It led to a useful discussion. We thought about a couple of issues. We thought about discovering morality and then defining identity.
I told her I understood why she felt the way she felt. Why would you want to go somewhere where you are told that you or someone you really care about is sinning? I told her that I found her care for her friends really admirable, and she obviously is a very loyal friend.
However, I told her I thought there was a problem with her approach to this issue. She was making up her mind on whether the church’s view on an issue was right or wrong based on whether it condemned the lifestyle or hurt the feelings of someone she cared about. It is a bit like rejecting the warnings about the damage smoking does because you have a loved one who smokes.
I suggested that a better approach would be to investigate whether God exists, and, if so, has He expressed His will on how humans should behave sexually. If He does exist and has revealed His will, then the only wise course of action is to align our thinking and living with that.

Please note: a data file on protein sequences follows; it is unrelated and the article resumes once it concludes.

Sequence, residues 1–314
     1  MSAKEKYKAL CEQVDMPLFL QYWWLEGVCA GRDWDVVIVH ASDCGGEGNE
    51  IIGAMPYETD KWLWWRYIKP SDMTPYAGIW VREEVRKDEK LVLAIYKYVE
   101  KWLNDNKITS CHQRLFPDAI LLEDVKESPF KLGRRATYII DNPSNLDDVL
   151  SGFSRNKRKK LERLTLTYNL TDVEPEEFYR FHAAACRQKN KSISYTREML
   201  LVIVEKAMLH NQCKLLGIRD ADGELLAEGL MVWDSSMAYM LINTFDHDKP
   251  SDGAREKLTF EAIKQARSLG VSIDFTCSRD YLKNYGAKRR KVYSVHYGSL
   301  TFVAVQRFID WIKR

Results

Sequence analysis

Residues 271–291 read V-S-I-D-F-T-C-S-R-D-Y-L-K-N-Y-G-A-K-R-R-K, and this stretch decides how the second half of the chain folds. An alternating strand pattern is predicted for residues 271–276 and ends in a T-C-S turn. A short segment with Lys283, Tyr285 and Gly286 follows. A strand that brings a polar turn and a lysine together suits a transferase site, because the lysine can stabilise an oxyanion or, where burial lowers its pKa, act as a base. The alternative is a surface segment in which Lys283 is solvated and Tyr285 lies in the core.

She agreed that this made sense. So, we discussed the issue of whether the Bible is God’s Word, and then I pointed out that, according to the Bible, His will for human sexuality is that sex should only be within the confines of a heterosexual, monogamous, covenant relationship, which the Bible calls marriage.
I told her that to deviate from God’s Word is not only disobedient, but also foolish. I gave her two reasons why it is foolish:
No one knows more than God knows
If we get a car but ignore the manufacturer’s instructions about how the engine is to be looked after, we are sure to have a breakdown. God is the maker and designer of the human race. He knows how we are supposed to function. He knows what is good for us and what isn’t. He says that we are to interact sexually in a certain way, within certain constraints. It is foolish to ignore the manufacturer’s instructions.
No one loves more than God loves
The God of the Bible is a God who has proven His love for us in the person of Jesus Christ. When we look at Him we are looking at God. He shows us that God isn’t against us. God is for us and can be trusted, even if we don’t understand why He forbids what He forbids. He loved us enough to die for us. This is the One who calls on us to yield the throne of our lives to Him.
We then went on to discuss defining identity – what did she mean when she said her friends couldn’t be themselves? I’ll tell you about that next time.